0 of 8192 characters used
    Post Comment

    • jimagain profile image

      jimagain 4 years ago from Hattiesburg, Mississippi

      Thank you Elisha Jachetti for reading this. I can't tell you how much I appreciate you reading this. See what happens when I have too much free time on my hands?

      I really had no idea where this was going but at the end I just tried to blur the lines between reality and fiction where a writer becomes a little too obsessed with his work and ultimately writes his own script which he becomes entrapped to live out in some weird sort of self-imposed fate.

      Anyway, thanks again!

    • jimagain profile image

      jimagain 4 years ago from Hattiesburg, Mississippi

      Thanks weestro. This thing sort of just wrote itself, I really had no idea where it was going. I suppose a little bit of paranoia can be useful when it comes to writing.

      Anyway I'm sitting here typing away at my keyboard and....uh, oh! Is that a knock I hear at the door? That's weird? Just a minute, I'll be right back. No. It can't be...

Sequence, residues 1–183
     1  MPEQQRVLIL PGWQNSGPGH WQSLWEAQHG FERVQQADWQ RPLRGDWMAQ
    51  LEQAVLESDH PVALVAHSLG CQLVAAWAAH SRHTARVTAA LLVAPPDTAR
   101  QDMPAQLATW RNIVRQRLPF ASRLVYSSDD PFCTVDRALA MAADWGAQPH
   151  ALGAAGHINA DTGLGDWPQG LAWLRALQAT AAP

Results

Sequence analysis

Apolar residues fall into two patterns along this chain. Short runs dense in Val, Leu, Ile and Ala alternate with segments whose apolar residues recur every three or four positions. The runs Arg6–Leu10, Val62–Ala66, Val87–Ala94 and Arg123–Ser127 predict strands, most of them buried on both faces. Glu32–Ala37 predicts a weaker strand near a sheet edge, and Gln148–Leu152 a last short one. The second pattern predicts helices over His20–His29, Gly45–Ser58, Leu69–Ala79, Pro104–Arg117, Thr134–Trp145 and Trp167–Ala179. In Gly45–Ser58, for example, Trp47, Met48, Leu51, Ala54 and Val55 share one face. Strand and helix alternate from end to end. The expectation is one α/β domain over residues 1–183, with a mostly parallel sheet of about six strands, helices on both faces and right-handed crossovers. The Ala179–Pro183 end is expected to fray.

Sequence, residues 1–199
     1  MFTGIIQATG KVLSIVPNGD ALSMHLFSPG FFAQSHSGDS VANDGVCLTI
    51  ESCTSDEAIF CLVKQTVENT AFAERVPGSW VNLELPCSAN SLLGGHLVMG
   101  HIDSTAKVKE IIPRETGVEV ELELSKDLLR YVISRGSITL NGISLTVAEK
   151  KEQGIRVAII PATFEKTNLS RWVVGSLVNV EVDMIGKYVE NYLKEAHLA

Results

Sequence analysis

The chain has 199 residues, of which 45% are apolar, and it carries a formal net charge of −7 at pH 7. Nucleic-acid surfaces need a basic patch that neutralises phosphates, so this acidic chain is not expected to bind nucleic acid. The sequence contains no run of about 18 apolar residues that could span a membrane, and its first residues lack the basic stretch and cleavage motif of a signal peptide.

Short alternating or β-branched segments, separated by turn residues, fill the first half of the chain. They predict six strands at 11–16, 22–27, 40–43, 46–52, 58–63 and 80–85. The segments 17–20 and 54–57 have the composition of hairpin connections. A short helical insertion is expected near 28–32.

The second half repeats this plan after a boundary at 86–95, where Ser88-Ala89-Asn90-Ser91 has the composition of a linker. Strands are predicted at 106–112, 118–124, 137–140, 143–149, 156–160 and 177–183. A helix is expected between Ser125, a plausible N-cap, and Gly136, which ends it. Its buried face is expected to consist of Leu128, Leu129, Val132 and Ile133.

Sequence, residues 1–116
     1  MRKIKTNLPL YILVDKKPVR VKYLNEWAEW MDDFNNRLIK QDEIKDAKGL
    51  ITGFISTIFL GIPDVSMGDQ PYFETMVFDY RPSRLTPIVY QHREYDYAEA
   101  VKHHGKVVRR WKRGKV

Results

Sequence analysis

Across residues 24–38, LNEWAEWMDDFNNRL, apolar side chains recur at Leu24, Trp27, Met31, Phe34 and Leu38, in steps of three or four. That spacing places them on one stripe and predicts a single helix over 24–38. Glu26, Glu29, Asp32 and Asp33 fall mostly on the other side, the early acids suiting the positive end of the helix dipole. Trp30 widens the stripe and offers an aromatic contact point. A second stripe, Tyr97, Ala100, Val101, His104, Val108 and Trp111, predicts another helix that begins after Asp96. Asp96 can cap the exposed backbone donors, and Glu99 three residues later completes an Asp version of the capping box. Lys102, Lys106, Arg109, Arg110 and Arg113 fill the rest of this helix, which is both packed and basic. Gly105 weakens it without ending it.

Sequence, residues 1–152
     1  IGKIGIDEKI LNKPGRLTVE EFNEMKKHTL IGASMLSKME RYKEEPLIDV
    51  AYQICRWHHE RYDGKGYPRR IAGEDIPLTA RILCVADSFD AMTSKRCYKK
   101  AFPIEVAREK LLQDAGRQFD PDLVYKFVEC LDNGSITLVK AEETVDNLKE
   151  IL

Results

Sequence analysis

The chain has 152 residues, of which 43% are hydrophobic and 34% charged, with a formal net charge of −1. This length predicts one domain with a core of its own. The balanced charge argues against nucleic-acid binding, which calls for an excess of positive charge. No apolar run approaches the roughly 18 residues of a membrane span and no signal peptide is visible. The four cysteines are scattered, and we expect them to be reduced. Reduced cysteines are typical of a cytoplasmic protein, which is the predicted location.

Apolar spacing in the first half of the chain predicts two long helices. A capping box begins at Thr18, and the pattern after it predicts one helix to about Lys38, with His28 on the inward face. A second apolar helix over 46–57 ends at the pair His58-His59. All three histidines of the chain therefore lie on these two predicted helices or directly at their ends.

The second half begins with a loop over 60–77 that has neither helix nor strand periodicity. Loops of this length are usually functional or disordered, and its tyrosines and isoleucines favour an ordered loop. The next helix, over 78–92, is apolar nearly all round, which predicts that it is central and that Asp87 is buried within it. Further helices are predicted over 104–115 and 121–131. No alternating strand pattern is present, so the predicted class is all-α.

(note to reader...the writer is unable to complete this comment)

    • Elisha Jachetti profile image

      Elisha Jachetti 4 years ago

      That was so creepy, but in a good way.

    • weestro profile image

      Pete Fanning 4 years ago from Virginia

      Great work here Jim, I felt like I was there!

    • jimagain profile image

      jimagain 4 years ago from Hattiesburg, Mississippi

      What can I say? I'm weird. But glad you liked it! Thanks gmwilliams.

    • gmwilliams profile image

      Grace Marguerite Williams 4 years ago from the Greatest City In The World-New York City, New York

      Intense and spot on writer. Love your writing style.